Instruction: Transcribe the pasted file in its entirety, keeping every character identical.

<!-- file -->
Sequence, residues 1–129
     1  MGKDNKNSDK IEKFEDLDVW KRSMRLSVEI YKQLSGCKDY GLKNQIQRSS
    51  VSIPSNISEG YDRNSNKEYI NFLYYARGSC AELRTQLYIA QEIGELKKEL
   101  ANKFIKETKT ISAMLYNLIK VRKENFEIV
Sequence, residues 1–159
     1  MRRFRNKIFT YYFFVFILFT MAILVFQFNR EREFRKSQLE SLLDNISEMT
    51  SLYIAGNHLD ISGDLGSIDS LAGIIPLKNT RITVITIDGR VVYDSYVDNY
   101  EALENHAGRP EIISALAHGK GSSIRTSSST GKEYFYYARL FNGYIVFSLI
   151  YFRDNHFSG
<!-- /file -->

Sequence, residues 1–129
     1  MGKDNKNSDK IEKFEDLDVW KRSMRLSVEI YKQLSGCKDY GLKNQIQRSS
    51  VSIPSNISEG YDRNSNKEYI NFLYYARGSC AELRTQLYIA QEIGELKKEL
   101  ANKFIKETKT ISAMLYNLIK VRKENFEIV
Sequence, residues 1–159
     1  MRRFRNKIFT YYFFVFILFT MAILVFQFNR EREFRKSQLE SLLDNISEMT
    51  SLYIAGNHLD ISGDLGSIDS LAGIIPLKNT RITVITIDGR VVYDSYVDNY
   101  EALENHAGRP EIISALAHGK GSSIRTSSST GKEYFYYARL FNGYIVFSLI
   151  YFRDNHFSG